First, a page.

Bulgaria, North Macedonia Map Path Out Of Standoff Blocking EU Progress

Leaders from North Macedonia and EU member Bulgaria appear to have mapped out a possible exit from a yearlong dispute over shared culture that has stalled Macedonian hopes for progress toward accession talks with the bloc.

But without a decisive breakthrough to lift Sofia’s objections to opening such negotiations, EU officials acknowledged that the failure to decide to open membership talks with Skopje was likely damaging the bloc’s “credibility.”

A tentative route out of the 10-month deadlock emerged on October 6 after a meeting between Bulgarian President Rumen Radev, Macedonian Prime Minister Zoran Zaev, outgoing German Chancellor Angela Merkel, and French President Emmanuel Macron on the sidelines of an EU-Western Balkans summit at Brdo Castle in Slovenia.

“During the talks, mutual readiness and interest were expressed by North Macedonia and Bulgaria to continue the dialogue between the two countries with the intention of reaching a solution,” Zaev said in a statement.

Sofia raised its objection to EU accession talks with North Macedonia in November 2020, accusing Macedonians of marginalizing historical, cultural, and linguistic ties and appropriating Bulgarian heritage.

Radev, who faces a reelection battle in November alongside his disunited country’s third parliamentary elections this year, announced at Brdo Castle that a bilateral protocol was being drafted between Sofia and Skopje and would be presented next month.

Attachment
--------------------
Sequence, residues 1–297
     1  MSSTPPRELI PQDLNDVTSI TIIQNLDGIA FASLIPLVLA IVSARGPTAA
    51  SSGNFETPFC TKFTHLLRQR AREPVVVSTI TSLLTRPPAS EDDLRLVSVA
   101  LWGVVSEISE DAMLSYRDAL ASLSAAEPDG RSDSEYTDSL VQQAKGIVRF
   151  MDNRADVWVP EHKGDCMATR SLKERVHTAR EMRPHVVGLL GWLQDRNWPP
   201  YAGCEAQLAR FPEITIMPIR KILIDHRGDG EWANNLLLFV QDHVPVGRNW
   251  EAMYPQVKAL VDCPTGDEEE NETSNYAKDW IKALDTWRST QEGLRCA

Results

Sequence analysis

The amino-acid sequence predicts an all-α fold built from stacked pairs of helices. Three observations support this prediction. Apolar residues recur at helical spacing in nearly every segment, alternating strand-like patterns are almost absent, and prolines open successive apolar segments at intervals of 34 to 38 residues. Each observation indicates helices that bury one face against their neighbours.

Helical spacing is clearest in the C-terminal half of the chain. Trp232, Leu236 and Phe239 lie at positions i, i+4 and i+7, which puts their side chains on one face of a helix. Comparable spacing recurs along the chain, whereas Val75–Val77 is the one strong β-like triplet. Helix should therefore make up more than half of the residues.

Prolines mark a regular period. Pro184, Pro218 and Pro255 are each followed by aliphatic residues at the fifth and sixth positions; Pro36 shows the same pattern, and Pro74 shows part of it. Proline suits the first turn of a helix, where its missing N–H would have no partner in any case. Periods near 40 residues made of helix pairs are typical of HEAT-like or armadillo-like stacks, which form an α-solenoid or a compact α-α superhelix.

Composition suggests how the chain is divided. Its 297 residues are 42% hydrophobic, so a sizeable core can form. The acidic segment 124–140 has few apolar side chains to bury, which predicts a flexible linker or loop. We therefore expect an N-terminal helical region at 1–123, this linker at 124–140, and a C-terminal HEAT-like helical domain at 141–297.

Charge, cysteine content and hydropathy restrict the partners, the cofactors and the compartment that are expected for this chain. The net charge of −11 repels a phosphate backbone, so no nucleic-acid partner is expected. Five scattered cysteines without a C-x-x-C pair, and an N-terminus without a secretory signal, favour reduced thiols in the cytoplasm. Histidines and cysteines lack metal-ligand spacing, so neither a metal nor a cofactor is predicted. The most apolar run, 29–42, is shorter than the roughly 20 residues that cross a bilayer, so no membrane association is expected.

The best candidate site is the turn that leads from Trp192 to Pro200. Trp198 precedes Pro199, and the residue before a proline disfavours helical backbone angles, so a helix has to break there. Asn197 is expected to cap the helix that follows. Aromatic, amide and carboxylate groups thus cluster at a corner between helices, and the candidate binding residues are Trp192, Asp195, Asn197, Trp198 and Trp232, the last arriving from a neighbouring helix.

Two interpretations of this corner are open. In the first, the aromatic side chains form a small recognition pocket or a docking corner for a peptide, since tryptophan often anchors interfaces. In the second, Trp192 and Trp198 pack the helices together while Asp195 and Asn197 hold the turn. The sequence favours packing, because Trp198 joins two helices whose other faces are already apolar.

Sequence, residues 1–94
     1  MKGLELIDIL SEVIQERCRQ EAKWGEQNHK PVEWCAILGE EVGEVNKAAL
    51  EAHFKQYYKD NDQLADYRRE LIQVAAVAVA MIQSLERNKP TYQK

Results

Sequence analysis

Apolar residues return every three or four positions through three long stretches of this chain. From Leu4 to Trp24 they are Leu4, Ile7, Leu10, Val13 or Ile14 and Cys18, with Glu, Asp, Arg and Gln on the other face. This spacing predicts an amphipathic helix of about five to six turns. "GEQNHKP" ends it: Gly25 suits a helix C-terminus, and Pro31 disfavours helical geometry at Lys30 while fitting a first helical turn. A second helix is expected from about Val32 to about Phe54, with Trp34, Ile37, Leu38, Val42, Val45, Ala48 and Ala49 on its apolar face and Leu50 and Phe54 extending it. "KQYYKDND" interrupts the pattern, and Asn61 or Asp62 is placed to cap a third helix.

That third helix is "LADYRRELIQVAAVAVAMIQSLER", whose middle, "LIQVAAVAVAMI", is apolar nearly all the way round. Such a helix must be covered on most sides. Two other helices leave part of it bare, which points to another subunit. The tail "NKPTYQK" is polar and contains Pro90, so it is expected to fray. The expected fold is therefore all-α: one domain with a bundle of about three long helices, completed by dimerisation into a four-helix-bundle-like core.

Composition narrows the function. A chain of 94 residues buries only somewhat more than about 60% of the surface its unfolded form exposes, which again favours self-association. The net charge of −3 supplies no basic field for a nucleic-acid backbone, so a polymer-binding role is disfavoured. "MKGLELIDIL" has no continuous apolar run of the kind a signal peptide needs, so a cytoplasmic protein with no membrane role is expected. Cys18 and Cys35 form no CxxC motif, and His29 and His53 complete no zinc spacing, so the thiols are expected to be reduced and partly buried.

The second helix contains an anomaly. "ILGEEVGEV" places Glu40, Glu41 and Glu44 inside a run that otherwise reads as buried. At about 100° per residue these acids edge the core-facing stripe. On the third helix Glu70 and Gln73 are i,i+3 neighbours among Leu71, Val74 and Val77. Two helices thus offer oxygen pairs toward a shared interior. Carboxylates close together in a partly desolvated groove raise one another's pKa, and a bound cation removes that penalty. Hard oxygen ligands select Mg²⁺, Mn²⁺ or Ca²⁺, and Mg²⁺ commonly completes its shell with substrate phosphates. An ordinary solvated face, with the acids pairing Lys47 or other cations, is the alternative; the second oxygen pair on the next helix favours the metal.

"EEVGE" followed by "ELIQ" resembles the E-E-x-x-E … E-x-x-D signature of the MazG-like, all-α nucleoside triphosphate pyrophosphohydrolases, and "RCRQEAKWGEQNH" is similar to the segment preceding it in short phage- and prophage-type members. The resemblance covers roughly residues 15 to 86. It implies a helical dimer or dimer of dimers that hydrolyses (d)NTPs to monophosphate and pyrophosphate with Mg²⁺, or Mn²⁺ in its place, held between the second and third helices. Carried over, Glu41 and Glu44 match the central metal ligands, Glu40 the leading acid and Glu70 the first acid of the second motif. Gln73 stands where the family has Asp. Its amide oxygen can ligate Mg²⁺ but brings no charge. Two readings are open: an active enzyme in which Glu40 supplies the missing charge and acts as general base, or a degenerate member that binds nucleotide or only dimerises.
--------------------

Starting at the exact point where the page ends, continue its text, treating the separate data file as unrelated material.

He said a road map with specific decisions could follow that Sofia will insist on including in the framework for North Macedonia’s EU membership negotiations.

Radev listed three demands from the Bulgarian side before Sofia would withdraw its objection to EU talks for Skopje: a previous insistence on the inclusion of Bulgarians as a nationality in the Macedonian Constitution; the enumeration of Macedonian Bulgarians “adequately reflected as a nationality and as a number” in the upcoming Macedonian census; and recognition by North Macedonia of “the historical truth in relations with Bulgaria.”

The European Commission has repeatedly said the futures of Albania, Bosnia-Herzegovina, Kosovo, Montenegro, North Macedonia, and Serbia lie in the 27-member bloc.

But divisions among EU states about taking in new members and the slow pace of reform in the six hopefuls has put enlargement on ice for years.

European Commission President Ursula von der Leyen acknowledged at Brdo on October 6 that the blocked accession talks of North Macedonia and nearby Albania were damaging the EU’s credibility in the Western Balkans.